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Home > Struggle for Tamil Eelam > Sathasivam Krishnakumar - the struggle was his life > Interview with Sri Lanka Monitor, 1991 -Self Determination is not a dirty word > Interview with Melbourne Radio, 1991 > Britain asks Tamil leader to leave > India's Act of Piracy > LTTE Petition to United Nations
Krishnakumar - Kittu
Britain asks Tamil leader to leave
Asia Editor Raymond Whitaker in Independent
"Mr.Krishnakumar, 31, a Central Committee member of the Liberation Tigers of Tamil Eelam - the Tamil Tigers- has been given until tomorrow to leave the country voluntarily, or face possible detention and expulsion to Sri Lanka,where his movement is fighting a bitter civil war against the governing Sinhalese majority.
Mr. Krishnakumar led Tiger forces in the northern stronghold of Jaffna under the nom de gerre of 'Commander Kittu', until he lost a leg in fighting. He was allowed to come to Britain in October 1989 for treatment, and had a number of extensions of his stay on medical grounds.
Last August, Mr.Krishnakumar sought political asylum in Britain, but was told last week that the Home Secretary, Kenneth Baker, was "minded to refuse" the application, because the Tiger leader did not have a well founded fear of persecution if he was returned to Sri Lanka.
At the same time he was informed that a deportation order had been issued against him in support of "the international fight against terrorism".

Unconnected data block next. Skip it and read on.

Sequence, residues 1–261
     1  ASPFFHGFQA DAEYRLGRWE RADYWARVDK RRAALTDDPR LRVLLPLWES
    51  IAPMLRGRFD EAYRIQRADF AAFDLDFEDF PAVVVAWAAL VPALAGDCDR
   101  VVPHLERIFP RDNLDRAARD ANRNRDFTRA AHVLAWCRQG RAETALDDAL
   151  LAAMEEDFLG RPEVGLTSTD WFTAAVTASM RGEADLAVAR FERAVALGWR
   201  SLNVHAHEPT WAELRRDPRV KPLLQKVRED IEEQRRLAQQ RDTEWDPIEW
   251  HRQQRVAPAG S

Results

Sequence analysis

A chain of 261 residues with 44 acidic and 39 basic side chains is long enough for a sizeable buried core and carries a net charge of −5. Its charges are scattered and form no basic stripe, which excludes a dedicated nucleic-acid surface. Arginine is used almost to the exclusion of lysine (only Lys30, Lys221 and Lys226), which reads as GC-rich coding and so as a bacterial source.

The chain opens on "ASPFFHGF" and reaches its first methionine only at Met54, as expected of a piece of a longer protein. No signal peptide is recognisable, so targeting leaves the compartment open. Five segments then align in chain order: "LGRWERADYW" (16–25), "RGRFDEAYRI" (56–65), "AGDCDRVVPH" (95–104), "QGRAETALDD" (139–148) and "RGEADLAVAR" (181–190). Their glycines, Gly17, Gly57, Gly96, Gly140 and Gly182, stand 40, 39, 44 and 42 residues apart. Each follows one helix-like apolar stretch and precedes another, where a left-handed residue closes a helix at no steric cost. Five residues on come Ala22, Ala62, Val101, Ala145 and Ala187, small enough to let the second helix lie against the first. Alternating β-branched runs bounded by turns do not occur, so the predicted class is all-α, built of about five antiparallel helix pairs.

Under the 1971 Immigration Act, Mr.Krishnakumar has no right of judicial appeal against the deportation order, but can make representations to a panel of advisers appointed by the Home Secretary. The procedure, which was heavily criticised when used against alleged Iraqi sympathisers during the Gulf war, does not allow the person facing expulsion to learn the evidence against him, or to have a lawyer with him when he appears before the advisory panel. Nor is he entitled to know the panel's recommendations.
David Burgess, a leading immigration solicitor acting for Mr.Krishnakumar, said it was extremely unusual for the authorities to announce in advance that they were considering detaining some one regarded as undesirable. "If he is a dangerous person, why is there a timetable for him to remain at liberty?" asked Mr.Burgess.
Yesterday, Anton Rajah, the Tigers spokesman in Britain, denied the claims against Mr.Krishnakumar, saying that he had engaged purely in political activity aimed at promoting a peaceful settlement in Sri Lanka.
The government's denial that Mr.Krishnakumar faces persecution in Sri Lanka contrasts with its decision last month to freeze aid to Colombo and restrict arms sales in protest at the country's human rights record. The move was in retaliation for the Sri Lanka's expulsion of the British High Commissioner, David Gladstone, in May which Britain said was due to his criticism of human rights violations.
With relations between London and Colombo still cool, some sources believe Mr.Krishnakumar's deportation might be due more to pressure from India, which has accused the Tamil Tigers of responsibility for Rajiv Gandhi's assassination near Madras in May. Since then large numbers of Sri Lankan Tamils have been detained, and many face forcible return to their homeland.